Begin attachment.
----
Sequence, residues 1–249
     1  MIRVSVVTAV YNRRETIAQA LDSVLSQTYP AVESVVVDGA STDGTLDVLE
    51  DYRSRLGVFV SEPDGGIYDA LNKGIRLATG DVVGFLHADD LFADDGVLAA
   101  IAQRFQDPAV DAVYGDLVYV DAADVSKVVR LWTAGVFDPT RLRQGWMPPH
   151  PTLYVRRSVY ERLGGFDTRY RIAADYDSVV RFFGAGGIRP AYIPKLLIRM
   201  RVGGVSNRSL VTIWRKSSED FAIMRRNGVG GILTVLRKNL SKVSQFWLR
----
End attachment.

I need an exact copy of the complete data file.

Sequence, residues 1–249
     1  MIRVSVVTAV YNRRETIAQA LDSVLSQTYP AVESVVVDGA STDGTLDVLE
    51  DYRSRLGVFV SEPDGGIYDA LNKGIRLATG DVVGFLHADD LFADDGVLAA
   101  IAQRFQDPAV DAVYGDLVYV DAADVSKVVR LWTAGVFDPT RLRQGWMPPH
   151  PTLYVRRSVY ERLGGFDTRY RIAADYDSVV RFFGAGGIRP AYIPKLLIRM
   201  RVGGVSNRSL VTIWRKSSED FAIMRRNGVG GILTVLRKNL SKVSQFWLR